In the E-Letter, there is an article about Spoken RX, another article about new WAS awards on the 1.25 meter band, and the final part from our fall Zoom Gathering. Of course, you can also find the regular articles you see here each week.
Do you have a story to share about assistive technology or ham radio related activities? Please send your articles and stories via email to Lucinda.Moody@allina.com or by calling me at 612-775-2290.
News in Assistive Technology
CVS has rolled out its talking prescription feature through the US. Customers use the CVS app on their Apple or Android device and scan a special label on the pill bottles using RFID. Additionally, if the customer does not have a smart phone, a stand-alone speaker device is available. This new option gives customers with any print disability more autonomy and independence. You can learn more at: https://www.forbes.com/sites/stevenaquino/2021/12/30/cvs-makes-reading-prescriptions-more-accessible-with-spoken-rx/.
You can watch a video at: https://youtu.be/FYSTk6eqf0M.
From the Mailbag
What a delightful surprise to receive your card! Yes, it is hard to believe that Handihams has been around and thriving for over fifty years. My involvement in the 70’s and 80’s was rewarding to say the least.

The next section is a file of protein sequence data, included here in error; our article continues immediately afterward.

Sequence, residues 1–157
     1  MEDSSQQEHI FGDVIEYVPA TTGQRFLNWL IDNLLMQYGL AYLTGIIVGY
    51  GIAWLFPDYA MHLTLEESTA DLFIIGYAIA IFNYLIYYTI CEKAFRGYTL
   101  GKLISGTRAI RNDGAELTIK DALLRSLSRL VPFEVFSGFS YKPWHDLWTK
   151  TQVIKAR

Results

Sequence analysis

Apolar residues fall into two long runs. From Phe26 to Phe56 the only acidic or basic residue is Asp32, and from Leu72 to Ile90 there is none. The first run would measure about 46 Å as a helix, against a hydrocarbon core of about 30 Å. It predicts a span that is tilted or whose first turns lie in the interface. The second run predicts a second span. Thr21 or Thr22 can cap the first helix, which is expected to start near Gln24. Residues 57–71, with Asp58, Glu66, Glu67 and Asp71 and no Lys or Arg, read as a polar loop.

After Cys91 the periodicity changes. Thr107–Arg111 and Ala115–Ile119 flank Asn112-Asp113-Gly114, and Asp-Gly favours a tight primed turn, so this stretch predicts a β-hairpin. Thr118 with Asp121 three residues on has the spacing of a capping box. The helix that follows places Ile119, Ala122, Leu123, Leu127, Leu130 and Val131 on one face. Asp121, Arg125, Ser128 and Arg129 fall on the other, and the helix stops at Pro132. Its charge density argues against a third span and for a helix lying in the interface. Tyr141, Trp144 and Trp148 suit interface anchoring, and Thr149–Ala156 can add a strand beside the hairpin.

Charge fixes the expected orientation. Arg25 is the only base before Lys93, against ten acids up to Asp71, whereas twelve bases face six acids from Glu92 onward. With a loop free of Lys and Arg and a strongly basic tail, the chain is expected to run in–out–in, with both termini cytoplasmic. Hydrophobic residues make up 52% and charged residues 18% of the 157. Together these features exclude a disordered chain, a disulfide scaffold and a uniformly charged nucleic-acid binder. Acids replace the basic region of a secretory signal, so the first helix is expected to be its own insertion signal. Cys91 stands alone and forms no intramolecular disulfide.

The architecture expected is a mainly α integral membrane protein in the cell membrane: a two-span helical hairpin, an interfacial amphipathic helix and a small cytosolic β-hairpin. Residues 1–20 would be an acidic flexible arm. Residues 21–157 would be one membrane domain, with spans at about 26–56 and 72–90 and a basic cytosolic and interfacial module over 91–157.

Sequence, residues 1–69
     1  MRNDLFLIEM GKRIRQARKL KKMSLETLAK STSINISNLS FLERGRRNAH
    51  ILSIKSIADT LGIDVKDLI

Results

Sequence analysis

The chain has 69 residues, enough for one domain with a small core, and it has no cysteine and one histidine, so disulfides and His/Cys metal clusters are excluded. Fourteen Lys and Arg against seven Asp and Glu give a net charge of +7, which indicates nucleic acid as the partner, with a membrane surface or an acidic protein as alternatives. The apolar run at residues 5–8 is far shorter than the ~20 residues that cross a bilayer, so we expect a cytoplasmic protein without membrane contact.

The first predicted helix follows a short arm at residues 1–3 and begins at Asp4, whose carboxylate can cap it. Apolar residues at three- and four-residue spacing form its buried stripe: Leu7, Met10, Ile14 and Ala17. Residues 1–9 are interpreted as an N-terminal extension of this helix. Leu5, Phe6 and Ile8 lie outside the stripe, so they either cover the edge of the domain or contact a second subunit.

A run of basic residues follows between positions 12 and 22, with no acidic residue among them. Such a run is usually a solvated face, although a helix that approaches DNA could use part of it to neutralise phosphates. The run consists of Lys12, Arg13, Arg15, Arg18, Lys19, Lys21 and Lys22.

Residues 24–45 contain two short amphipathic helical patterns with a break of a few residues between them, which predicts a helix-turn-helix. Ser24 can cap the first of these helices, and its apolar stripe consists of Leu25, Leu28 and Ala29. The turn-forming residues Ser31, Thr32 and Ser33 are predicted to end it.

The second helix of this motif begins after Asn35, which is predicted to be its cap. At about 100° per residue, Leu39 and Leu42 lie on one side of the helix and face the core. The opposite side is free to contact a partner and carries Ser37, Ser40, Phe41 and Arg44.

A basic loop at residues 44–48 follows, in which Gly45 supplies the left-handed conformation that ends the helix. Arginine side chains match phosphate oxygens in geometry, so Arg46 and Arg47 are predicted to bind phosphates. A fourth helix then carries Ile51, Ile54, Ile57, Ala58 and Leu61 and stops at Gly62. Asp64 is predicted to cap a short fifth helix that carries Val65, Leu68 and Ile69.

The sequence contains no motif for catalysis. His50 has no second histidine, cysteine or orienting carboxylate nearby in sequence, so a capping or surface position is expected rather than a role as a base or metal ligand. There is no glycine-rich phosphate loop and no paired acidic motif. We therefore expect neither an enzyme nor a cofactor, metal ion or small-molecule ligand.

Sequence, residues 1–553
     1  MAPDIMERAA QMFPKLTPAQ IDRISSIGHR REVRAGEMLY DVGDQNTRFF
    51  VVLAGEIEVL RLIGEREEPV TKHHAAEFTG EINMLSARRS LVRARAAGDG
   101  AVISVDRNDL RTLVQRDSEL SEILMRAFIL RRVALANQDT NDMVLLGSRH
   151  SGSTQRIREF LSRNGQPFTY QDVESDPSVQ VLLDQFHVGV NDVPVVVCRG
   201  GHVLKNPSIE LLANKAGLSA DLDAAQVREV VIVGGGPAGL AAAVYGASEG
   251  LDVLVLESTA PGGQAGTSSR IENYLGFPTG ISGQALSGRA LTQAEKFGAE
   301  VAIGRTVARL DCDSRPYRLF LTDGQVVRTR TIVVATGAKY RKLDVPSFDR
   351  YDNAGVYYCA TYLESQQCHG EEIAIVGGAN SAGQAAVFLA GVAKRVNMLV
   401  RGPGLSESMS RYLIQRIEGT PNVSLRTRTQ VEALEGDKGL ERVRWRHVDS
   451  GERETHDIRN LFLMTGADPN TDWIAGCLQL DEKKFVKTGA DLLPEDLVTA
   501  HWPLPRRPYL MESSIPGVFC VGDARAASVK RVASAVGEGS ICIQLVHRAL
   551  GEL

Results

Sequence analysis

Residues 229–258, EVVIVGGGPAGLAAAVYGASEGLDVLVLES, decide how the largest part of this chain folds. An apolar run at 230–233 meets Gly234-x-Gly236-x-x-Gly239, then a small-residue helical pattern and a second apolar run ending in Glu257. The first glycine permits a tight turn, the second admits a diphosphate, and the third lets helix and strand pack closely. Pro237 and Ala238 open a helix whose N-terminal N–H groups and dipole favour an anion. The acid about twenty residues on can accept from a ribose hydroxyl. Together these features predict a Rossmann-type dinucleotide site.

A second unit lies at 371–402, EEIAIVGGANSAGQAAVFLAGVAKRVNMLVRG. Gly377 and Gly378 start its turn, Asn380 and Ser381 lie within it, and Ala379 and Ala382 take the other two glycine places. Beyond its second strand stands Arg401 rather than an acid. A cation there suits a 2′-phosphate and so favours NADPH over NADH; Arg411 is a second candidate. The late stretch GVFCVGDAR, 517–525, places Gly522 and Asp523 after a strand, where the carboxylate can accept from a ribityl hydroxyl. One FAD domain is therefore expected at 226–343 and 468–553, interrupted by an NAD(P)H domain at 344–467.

Best wishes for continued success and growth.
I thought this might be of interest to some readers of the Handiham e-letter. It has some good audio descriptions of the tornadoes and the aftermath in December of last year.
Tom Behler, KB8TYJ
I thought members who participate in ARRL’s Field Day contest might want to put their two cents in on a survey the ARRL is conducting about the future of this activity. I discovered that the survey is accessible to people using screen reading software. The final day to respond is January 17th. You can access the survey at the following link:
Interview of the Week
Last October, we held our 2021 Fall Zoom Gathering, getting together to share stories of memorable contacts from over the years. While some of the contacts were long ago, others were very recent. Please join me for the final part of this interview.
LM: Diane, you want to go ahead?
DV: Yes, hi. It was so good to hear Susan in there from White Bear. I’d like to get back in touch with her. Well, yeah, I’ve been ham since ’75, when I was at the State School for the Blind in Janesville. And I met a lot of folks over the radio. There was a lot of them. I remember making quite a few contacts during their camp and stuff. I can’t think of any specific contact, but I really enjoyed it. I really want to get on the air again. I was going to get on the air, and then a pandemic hit. So, I really want to make that happen for me. And Dennis is going to get Echolink here, and I can’t wait. But I miss my Tony, KVO, he was a great guy, and other people. So, ham radio has opened a lot of things for me.